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Bioorg Med Chem. 2016 Dec 15;24(24):6307-6314. doi: 10.1016/j.bmc.2016.08.003. Epub 2016 Aug 16.

Accelerating the discovery of antibacterial compounds using pathway-directed whole cell screening.

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Department of Microbiology and Immunobiology, 4 Blackfan Circle, Boston, MA 02115, USA.
Department of Biochemistry and Molecular Biology, 206 South Frear Laboratory, University Park, PA 16802, USA. Electronic address:
Department of Microbiology and Immunobiology, 4 Blackfan Circle, Boston, MA 02115, USA. Electronic address:


Since the introduction of penicillin into the clinic in 1942, antibiotics have saved the lives of millions of people around the world. While penicillin and other traditional broad spectrum antibiotics were effective as monotherapies, the inexorable spread of antibiotic resistance has made alternative therapeutic approaches necessary. Compound combinations are increasingly seen as attractive options. Such combinations may include: lethal compounds; synthetically lethal compounds; or administering a lethal compound with a nonlethal compound that targets a virulence factor or a resistance factor. Regardless of the therapeutic strategy, high throughput screening is a key approach to discover potential leads. Unfortunately, the discovery of biologically active compounds that inhibit a desired pathway can be a very slow process, and an inordinate amount of time is often spent following up on compounds that do not have the desired biological activity. Here we describe a pathway-directed high throughput screening paradigm that combines the advantages of target-based and whole cell screens while minimizing the disadvantages. By exploiting this paradigm, it is possible to rapidly identify biologically active compounds that inhibit a pathway of interest. We describe some previous successful applications of this paradigm and report the discovery of a new class of d-alanylation inhibitors that may be useful as components of compound combinations to treat methicillin-resistant Staphylococcus aureus (MRSA).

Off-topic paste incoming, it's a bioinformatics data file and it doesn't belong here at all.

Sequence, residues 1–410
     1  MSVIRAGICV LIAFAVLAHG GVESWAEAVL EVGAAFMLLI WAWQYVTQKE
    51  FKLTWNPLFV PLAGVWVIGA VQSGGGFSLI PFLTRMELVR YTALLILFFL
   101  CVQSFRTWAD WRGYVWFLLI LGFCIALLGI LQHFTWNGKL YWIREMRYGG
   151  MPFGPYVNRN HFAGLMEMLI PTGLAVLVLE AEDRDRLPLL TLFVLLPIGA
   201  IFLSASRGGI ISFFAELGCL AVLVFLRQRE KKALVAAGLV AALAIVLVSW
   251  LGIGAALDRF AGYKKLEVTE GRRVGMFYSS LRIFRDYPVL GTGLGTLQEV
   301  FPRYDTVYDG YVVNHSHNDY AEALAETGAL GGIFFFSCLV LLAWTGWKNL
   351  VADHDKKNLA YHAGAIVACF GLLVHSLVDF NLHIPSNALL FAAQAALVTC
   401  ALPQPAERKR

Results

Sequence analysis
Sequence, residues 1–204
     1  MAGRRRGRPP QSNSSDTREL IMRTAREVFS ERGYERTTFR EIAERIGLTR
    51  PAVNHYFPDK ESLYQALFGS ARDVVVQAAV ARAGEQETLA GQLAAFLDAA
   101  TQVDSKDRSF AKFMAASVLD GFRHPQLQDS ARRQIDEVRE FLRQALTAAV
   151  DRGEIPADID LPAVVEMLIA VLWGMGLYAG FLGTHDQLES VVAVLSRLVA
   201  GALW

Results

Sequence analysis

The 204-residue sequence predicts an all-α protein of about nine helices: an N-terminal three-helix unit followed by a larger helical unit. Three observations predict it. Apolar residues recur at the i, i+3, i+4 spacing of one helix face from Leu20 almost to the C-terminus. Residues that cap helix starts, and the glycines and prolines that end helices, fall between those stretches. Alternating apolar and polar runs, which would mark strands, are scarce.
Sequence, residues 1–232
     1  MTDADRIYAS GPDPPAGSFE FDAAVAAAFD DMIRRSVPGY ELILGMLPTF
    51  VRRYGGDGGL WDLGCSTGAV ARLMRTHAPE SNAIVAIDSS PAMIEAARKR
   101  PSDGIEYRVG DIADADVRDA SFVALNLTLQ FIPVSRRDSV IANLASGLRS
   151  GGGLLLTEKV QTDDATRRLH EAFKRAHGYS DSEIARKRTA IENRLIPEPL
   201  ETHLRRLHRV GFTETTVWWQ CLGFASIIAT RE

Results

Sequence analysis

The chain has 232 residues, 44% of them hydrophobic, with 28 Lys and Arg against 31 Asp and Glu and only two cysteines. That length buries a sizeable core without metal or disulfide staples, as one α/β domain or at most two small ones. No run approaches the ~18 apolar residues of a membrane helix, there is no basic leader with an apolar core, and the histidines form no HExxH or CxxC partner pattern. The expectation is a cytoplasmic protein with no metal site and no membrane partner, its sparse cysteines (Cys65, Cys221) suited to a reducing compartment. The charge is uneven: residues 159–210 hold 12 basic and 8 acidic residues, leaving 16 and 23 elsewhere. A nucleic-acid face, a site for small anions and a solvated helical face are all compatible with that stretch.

High throughput screen; Pathway-directed drug discovery; Teichoic acid; Transposon sequencing; d-Alanylation

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